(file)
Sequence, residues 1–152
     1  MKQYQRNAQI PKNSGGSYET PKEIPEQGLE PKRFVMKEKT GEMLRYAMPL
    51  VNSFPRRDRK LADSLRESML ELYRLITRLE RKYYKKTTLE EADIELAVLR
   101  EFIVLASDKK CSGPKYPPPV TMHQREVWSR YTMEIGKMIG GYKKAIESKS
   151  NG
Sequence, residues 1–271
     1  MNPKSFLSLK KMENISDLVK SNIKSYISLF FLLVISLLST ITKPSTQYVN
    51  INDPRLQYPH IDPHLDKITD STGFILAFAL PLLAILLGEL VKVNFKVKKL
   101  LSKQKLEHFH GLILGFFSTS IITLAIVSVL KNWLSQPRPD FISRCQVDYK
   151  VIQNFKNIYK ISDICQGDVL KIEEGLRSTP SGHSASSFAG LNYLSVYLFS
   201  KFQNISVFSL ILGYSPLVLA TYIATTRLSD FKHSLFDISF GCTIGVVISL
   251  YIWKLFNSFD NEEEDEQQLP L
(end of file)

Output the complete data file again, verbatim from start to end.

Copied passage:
Sequence, residues 1–152
     1  MKQYQRNAQI PKNSGGSYET PKEIPEQGLE PKRFVMKEKT GEMLRYAMPL
    51  VNSFPRRDRK LADSLRESML ELYRLITRLE RKYYKKTTLE EADIELAVLR
   101  EFIVLASDKK CSGPKYPPPV TMHQREVWSR YTMEIGKMIG GYKKAIESKS
   151  NG
Sequence, residues 1–271
     1  MNPKSFLSLK KMENISDLVK SNIKSYISLF FLLVISLLST ITKPSTQYVN
    51  INDPRLQYPH IDPHLDKITD STGFILAFAL PLLAILLGEL VKVNFKVKKL
   101  LSKQKLEHFH GLILGFFSTS IITLAIVSVL KNWLSQPRPD FISRCQVDYK
   151  VIQNFKNIYK ISDICQGDVL KIEEGLRSTP SGHSASSFAG LNYLSVYLFS
   201  KFQNISVFSL ILGYSPLVLA TYIATTRLSD FKHSLFDISF GCTIGVVISL
   251  YIWKLFNSFD NEEEDEQQLP L